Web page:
Cooperative Extension Specialists: Incubating Climate Change Solutions
In conversation with three Cooperative Extension specialists who are tackling climate change's impacts on Californians.
Founded in 1914 in partnership with the U.S. Department of Agriculture and the nationwide land-grant university system, the Cooperative Extension System supports research and community outreach programs in agriculture, the environment, health, natural resource management and conservation, and other fields. UC Berkeley was California’s first land-grant institution, and today the Rausser College of Natural Resources is home to 18 Cooperative Extension (CE) specialists in four departments. Our specialists and more than 100 others in the UC system constitute a core program within the UC Division of Agriculture and Natural Resources.
They conduct both applied research and public outreach, working with communities and decision makers to foster land stewardship across the state. Three of our newest CE specialists are using their scientific expertise and communication skills to provide practical, research-based advice to Californians on issues related to climate change. Each of them holds one or more degrees from the University of California, and all see their work as a natural extension of the public university’s mission.
Ted Grantham researches the intersection of hydrology and ecology in rivers and streams. Photo by Jim Block.
Theodore (Ted) Grantham
Assistant Cooperative Extension Specialist, Adjunct Professor
Environmental Science, Policy, and Management
Ted Grantham’s research examines the relationships between hydrology and ecology in rivers and streams. His outreach seeks to translate this research into sustainable, cost-effective solutions for managing water and the environment.
What is the intersection between your work and climate change? How much is data analytics, and how much is working in the field?
My research is framed around the effects of human activity and climate change on freshwater ecosystems, particularly California’s rivers and streams. For example, in the future, California is going to become a much less hospitable place for salmon. If current trends continue, about three-quarters of our 31 salmon and trout species could disappear by the end of the century. Much of my research explores approaches to water management that will protect salmon and other sensitive species while also satisfying human needs.
Some of my work involves hydrologic modeling, such as simulating natural stream-flow patterns. But my lab also conducts field studies to understand how sensitive stream ecosystems are to change. At one study site, we are able to artificially modify flow in a stream by controlling the release of water from a reservoir. We observe how those changes in flow affect the growth, health, and survival of juvenile salmon; what we learn can be used to guide management actions.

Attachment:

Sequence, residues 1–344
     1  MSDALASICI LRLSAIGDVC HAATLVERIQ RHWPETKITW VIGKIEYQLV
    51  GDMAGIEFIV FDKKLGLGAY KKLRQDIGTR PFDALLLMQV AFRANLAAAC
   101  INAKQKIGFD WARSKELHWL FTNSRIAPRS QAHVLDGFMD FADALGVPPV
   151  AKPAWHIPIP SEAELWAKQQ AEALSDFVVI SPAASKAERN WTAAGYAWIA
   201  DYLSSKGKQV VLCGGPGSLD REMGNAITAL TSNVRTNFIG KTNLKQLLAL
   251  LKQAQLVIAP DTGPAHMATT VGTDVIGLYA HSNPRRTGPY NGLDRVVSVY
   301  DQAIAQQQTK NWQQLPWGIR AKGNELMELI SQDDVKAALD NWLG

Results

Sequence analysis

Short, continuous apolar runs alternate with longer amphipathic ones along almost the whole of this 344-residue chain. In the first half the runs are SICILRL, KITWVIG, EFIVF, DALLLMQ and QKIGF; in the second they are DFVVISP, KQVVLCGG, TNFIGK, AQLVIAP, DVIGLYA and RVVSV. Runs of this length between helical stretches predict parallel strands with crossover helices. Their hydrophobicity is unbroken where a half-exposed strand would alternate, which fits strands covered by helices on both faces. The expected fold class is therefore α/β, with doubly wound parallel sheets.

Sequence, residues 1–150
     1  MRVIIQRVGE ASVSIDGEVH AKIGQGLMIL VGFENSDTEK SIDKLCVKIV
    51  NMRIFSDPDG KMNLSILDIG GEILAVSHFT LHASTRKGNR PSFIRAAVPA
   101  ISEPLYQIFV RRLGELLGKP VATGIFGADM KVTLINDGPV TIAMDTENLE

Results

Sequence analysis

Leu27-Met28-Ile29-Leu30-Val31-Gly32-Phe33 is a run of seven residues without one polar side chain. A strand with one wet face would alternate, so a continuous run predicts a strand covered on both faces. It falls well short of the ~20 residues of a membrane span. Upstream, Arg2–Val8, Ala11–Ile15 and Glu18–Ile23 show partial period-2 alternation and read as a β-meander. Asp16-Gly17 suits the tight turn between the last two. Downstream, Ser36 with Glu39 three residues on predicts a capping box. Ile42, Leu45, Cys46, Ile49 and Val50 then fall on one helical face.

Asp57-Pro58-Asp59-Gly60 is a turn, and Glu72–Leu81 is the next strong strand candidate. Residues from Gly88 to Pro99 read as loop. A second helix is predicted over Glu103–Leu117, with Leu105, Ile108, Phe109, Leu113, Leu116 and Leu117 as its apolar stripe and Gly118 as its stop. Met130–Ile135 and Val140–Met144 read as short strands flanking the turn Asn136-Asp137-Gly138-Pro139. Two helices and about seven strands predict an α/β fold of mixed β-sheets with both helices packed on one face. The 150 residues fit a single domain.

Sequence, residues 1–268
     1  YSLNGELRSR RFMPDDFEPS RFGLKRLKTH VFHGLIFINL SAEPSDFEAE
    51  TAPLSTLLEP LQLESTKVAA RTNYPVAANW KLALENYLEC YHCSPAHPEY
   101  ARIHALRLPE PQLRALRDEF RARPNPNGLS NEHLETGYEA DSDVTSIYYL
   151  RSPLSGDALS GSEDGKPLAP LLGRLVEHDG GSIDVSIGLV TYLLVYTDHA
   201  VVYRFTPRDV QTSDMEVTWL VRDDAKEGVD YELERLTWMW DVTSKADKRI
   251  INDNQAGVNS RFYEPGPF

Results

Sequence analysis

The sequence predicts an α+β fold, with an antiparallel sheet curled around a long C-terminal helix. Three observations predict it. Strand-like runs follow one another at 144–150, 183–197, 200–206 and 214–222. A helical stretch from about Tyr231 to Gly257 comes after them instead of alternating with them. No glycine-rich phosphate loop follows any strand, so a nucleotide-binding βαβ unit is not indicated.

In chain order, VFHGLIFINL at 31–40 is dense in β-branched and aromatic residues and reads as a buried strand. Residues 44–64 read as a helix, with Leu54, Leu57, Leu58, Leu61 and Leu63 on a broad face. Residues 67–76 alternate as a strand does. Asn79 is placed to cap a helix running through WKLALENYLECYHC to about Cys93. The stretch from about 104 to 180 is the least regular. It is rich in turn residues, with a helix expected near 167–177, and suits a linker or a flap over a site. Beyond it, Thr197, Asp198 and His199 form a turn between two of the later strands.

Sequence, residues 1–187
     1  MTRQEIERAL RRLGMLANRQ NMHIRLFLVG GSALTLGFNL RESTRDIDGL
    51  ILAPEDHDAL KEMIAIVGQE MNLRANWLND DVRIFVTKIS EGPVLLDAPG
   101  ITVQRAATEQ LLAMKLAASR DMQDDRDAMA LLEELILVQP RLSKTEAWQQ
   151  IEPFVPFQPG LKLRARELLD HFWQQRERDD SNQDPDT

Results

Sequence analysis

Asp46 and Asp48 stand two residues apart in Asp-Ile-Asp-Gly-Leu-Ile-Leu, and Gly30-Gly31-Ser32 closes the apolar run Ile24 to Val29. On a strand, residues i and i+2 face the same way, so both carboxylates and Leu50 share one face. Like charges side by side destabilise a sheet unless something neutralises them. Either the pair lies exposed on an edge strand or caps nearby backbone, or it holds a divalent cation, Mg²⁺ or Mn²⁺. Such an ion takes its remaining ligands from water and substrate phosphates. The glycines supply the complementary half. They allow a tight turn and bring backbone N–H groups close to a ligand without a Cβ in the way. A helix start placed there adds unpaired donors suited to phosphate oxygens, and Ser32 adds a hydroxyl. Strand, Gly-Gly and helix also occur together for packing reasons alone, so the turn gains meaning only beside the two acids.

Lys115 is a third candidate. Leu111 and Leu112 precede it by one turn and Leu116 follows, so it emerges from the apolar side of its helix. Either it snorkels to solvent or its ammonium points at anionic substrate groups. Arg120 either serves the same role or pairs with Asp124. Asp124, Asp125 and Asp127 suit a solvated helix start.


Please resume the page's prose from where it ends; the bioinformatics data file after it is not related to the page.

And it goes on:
Why is your work so well suited for Cooperative Extension?
Climate change is already impacting our state and beyond, and we urgently need solutions that are scientifically sound but also work for communities. At Cooperative Extension, we cultivate and sustain lines of communication between UC and the public. By tackling real-world problems in a collaborative manner, our work has the potential to make a big difference.
Why do you think such outreach is so important?
The Cooperative Extension model is a two-way exchange of information. We’re moving the science beyond academia, working closely with a network of boots-on-the-ground practitioners and decision makers to translate knowledge into action. At the same time, theirs are the voices that inspire and guide our work, so that the research we conduct is relevant.
As CE specialists, we have limited teaching responsibilities, and much of our time is spent engaging with stakeholders, observing social and environmental conditions, and learning how our science can best serve others. It’s a real privilege to have the time and license to do such outreach.
Ellen Bruno examines water policy, its impact on farmers, and drought mitigation. Photo by Jim Block.
Assistant Cooperative Extension Specialist
Agricultural and Resource Economics
Ellen Bruno’s research examines water-related policies and their impacts on farmers. Her work as an extension economist centers on water use, with a particular focus on strategies to mitigate the economic costs of drought and climate change.
As an economist, how do you interact with the external community?
I engage with farmers, engineers, water utility practitioners, environmental groups, and policy makers to gather data and understand the issues in the real world. For example, one current study looks at how farmers respond to water prices, whether by reducing water use, fallowing fields, or switching crops. I examine the data, using historical water-usage patterns and past price changes to build models of agricultural land use. Finally, I share my research findings through lectures, conferences, and outreach articles. I try to align my research agenda with state priorities; there’s a lot of potential for reforming past water-use inefficiencies.